Council of Canadians blasts Energy East project (Part 2)
In a previous post we described how a recent report from the Council of Canadians was fraught with errors of commission. Now in Part 2, we’ll look at the errors of omission.
The Council report has an interesting but irrational implicit assumption that if the pipeline is not approved, Alberta’s bitumen will not be produced and transported. That’s unlikely; oil prices are expected to recover sooner or later, and Alberta’s oil is still expected to find its way to market despite the avid opposition of environmental groups.
Experience tells us that blocking pipelines doesn’t lead to oil staying in the ground, it leads to oil moving by different transportation modes, each of which has its own set of risks. Rail, of course, is the most likely alternative to transport oil in the face of pipeline opposition. And therein lies the rub.
We recently used data from two Canadian regulators, the Transportation Safety Board and Transport Canada, to develop a head-to-head comparison of risks when moving oil and gas by pipeline, or moving the same quantity by rail. The study found that in every year from 2003 to 2013, pipelines had fewer releases per million barrels of oil equivalents transported. Overall, rail was found to be just over 4.5 times more likely to have an occurrence when transporting oil and gas compared to pipelines. The evidence from Canada is clear. Pipelines are the safer way to transport oil and gas.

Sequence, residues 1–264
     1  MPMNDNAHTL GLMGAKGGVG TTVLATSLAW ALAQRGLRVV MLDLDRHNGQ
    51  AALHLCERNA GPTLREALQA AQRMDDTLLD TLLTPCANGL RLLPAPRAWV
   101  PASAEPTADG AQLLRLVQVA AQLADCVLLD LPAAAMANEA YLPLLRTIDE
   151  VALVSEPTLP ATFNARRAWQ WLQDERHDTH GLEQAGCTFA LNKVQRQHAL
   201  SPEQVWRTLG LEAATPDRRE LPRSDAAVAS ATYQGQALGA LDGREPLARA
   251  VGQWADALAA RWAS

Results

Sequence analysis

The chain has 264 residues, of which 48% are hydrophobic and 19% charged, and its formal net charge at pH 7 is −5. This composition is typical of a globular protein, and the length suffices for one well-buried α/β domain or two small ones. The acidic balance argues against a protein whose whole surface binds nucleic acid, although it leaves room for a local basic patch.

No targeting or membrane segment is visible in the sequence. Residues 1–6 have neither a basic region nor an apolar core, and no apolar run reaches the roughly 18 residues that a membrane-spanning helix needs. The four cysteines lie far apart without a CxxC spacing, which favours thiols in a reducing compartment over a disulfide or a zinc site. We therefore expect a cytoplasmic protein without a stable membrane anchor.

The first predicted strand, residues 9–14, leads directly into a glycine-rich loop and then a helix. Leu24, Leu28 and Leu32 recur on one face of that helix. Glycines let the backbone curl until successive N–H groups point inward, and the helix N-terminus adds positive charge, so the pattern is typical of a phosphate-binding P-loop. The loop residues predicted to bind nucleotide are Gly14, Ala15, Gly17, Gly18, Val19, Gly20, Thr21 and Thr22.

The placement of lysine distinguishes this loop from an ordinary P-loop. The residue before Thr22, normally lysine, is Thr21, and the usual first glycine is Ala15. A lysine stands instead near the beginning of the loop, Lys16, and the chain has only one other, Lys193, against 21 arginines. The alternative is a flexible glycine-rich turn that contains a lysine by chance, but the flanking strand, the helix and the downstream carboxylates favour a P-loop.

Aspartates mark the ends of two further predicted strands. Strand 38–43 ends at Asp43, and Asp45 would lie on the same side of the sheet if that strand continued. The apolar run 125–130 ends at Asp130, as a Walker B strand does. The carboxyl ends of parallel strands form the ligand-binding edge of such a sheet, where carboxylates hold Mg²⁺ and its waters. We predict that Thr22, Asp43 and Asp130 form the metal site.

Evidence from the United States is equally clear. An analysis conducted by Diana Furchtgott-Roth of the Manhattan Institute compared the safety of transporting oil and gas by pipelines, rail and road. Her analysis found that transporting oil and gas by road and rail resulted in higher incident rates per billion ton-miles of product transported compared to pipelines. In addition, road and rail incidents were associated with higher rates of fatalities and hospitalizations compared to pipelines. Overall, her analysis concluded that pipelines were the best way to ensure oil and gas arrives safely at its destination.
Now, the overwhelming majority of oil moved by either pipeline or rail is safely transported from its origin to its destination—better than 99.99 per cent gets from the point of dispatch to its destination without incident. But when you’re talking about moving large quantities of oil, even small differences in safety factors can add up to a significant difference.
The Council of Canadians may sincerely believe that the movement to lock Alberta’s bitumen reserves in the ground for all time is going to succeed. But the evidence is against them, and Canadians will only be misled by their “no alternative transport” scenario.
The Council managed to cobble together a very scary scenario. However, in doing so, they committed errors of omission and commission that render their report essentially meaningless.
The record of pipeline spills and ruptures portrayed by the Council does not hold water, and their failure to understand (or accept) that Alberta’s bitumen will ultimately find a path to market defies recent history. Should the Energy East pipeline be quashed, more Albertan oil will move by rail, posing more risk—not less—to the people and environments across Canada.
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